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Director: Roger Nygard
Cast: William Shatner, Leonard Nimoy, James Doohan, DeForest Kelley, Nichelle Nichols, Walter Koenig, George Takei, Michael Dorn, Brent Spiner, Denise Crosby, Majel Barrett Roddenberry
(Paramount Pictures) Rated: PG
by Sabadino Parker
PopMatters Film Critic

Fascinating, Captain

Spock was right: humans certainly are illogical. What other race of organisms in this universe would include a population so enraptured by a thirty-year-old, three-season-long television series, that they devote their lives to imitating character behaviors and accumulating trivial knowledge about the show's fictional science? Such illogical devotees are the subject of Roger Nygard's documentary Trekkies, an interesting foray into the world of avid and eccentric Star Trek fans that is sometimes derisive, often funny, and occasionally scary in its portrayal of the most advanced stages of Star Trek fandom.

Trekkies's analysis of this odd cultural phenomenon isn't especially deep. If you are familiar with the original Star Trek series, not much in the film will surprise you, and if you've never watched Kirk smooth his way into yet another interspecies sexual encounter, then you probably won't care. There's no introduction to the series or its dynamics, so a viewer unversed in the Prime Directive will most likely get lost in all the talk about Klingon culture, futuristic gadgetry, and interplanetary politics; but there are some tear-jerking tales of real people that'll move the hearts of even the most pragmatic individuals.

Nygard filmed and edited Trekkies over a 12-month period in 1996-97. The film focuses on a Los Angeles Star Trek convention and includes interviews by Denise Crosby (Lt. Tasha Yar to those trapped in an alternate reality) with former and current cast members, production staff, and, of course, fans of all shapes and sizes. Crosby seems particularly ill-at-ease in her encounters with some of the more obsessive fans (such as the woman with bulging photo albums of nearly identical shots of Brent Spiner on stage at various conventions), perhaps hoping none of them will ask her for a sample of blood (which has been known to occur). She interviews a selection of Trekkies, but it appears that Nygard has chosen only the most stereotypical and eccentric fanatics -- so stereotypical that you wonder if some of these aren't staged (unfortunately, they're not). Trekkies depicts the oddest balls of the bunch, and there's no lack of material, from the fans who merely go shopping wearing very specifically made uniforms to those who opt to alter their facial features surgically so they may resemble various alien life-forms. Some treat it as a fun way to play dress-up and let loose, while others envelope themselves in a stringent system of rules and behaviors so that there will be no mistake in determining who is a "real" Trekkie. But variance is the sign of a complex and developed social system, and that is the real point Trekkies makes clear about this civilization. By showing such a colorful and vast array of obsessiveness, Nygard and crew reveal just how mainstream and diverse this cult phenomenon has become.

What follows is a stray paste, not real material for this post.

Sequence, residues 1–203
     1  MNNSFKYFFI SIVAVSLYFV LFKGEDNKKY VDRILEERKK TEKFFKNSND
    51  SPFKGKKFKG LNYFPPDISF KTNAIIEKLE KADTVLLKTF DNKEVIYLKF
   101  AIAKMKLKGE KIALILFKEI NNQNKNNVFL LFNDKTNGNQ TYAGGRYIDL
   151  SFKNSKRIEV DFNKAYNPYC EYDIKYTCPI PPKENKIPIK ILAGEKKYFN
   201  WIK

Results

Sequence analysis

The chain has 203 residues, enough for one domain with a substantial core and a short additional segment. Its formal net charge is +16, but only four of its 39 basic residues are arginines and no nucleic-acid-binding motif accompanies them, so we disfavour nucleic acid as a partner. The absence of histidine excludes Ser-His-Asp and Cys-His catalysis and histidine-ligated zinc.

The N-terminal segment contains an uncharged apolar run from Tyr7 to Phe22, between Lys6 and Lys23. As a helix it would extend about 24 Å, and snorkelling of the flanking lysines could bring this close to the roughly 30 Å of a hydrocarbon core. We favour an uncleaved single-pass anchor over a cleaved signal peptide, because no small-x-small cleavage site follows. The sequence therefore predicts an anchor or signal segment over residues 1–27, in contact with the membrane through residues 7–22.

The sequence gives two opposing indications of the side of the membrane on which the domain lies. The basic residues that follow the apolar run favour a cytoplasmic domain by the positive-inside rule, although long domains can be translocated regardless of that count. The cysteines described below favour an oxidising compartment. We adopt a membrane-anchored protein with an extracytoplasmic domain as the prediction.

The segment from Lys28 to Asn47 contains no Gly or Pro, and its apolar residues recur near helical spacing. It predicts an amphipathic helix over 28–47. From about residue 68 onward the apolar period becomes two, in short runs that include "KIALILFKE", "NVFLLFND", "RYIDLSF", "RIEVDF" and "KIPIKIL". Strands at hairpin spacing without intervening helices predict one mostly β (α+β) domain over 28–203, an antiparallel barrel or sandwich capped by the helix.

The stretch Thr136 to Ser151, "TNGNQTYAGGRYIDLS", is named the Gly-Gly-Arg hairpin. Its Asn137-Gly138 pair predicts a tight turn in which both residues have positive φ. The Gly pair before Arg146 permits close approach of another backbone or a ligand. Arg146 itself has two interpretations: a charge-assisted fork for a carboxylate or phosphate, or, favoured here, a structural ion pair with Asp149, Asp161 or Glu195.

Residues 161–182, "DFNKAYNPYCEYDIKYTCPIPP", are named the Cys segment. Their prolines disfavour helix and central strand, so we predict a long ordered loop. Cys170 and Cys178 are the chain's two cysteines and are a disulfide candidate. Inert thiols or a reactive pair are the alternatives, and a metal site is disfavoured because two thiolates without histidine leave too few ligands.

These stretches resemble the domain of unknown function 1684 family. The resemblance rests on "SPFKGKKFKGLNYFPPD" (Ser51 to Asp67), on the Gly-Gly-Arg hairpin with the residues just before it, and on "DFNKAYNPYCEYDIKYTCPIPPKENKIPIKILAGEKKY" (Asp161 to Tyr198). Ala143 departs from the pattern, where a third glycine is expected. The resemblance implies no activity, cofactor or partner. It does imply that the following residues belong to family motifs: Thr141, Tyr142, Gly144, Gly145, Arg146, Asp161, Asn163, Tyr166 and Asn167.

This isn't to say Trekkies is a scathing ethnography of Star Trek fanatics, for it does feature some of the more positive aspects of inclusion in this subculture. Most members of the Federation Alliance are required to participate in community service, and the film portrays the fans' own sense of community, which allows them to express themselves using terminology and mannerisms otherwise unaccepted in typical American society. Barbara Adams, one of the most famous Trekkies featured, achieved national notoriety for her insistence that she be allowed to wear her Star Fleet uniform during jury selection for the Whitewater hearings. She was eventually dismissed as a candidate for the jury, but her refusal to alter her everyday appearance has become a source of pride for other Trekkies who see her decision as a positive affirmation of individuality and, almost paradoxically, as a serious statement that being a Trekkie (or sometimes, Trekker) connotes participation in a very real and expanding subculture. The film conveys their feeling of subversion, which is almost inspirational in its rebellious attitude toward social norms.

Interviews with former cast members also reveal heartening stories about people who use the show as a beacon of hope for the future. James Doohan tells of a fan who once wrote him saying she planned to commit suicide. He subsequently made her promise to come to the next Trek convention he was attending, which she did, and to be present at a number of following ones, thus giving her something to look forward to every few weeks. As an indirect result of Star Trek's influence, the woman is still alive and thankful for Doohan's kindness and compassion. Or, in a different vein, Nichelle Nichols describes a young girl who was so inspired watching Lt. Uhura on screen that she decided to become an astronaut as an adult. She was Mae Jemison, the first black woman in space. There are many similar situations and stories, all of which make it clear exactly how much this television series and its spin-offs have affected people's lives and international popular culture.

I suppose everyone is a little enamored of Star Trek creator Gene Roddenberry's optimistic vision of humanity's future. For Pike's sake, even my credit card sports a shot of the original Enterprise in orbit. Now, if only a group of Trekkies can figure out how to break the warp barrier, then we'd really be in business.



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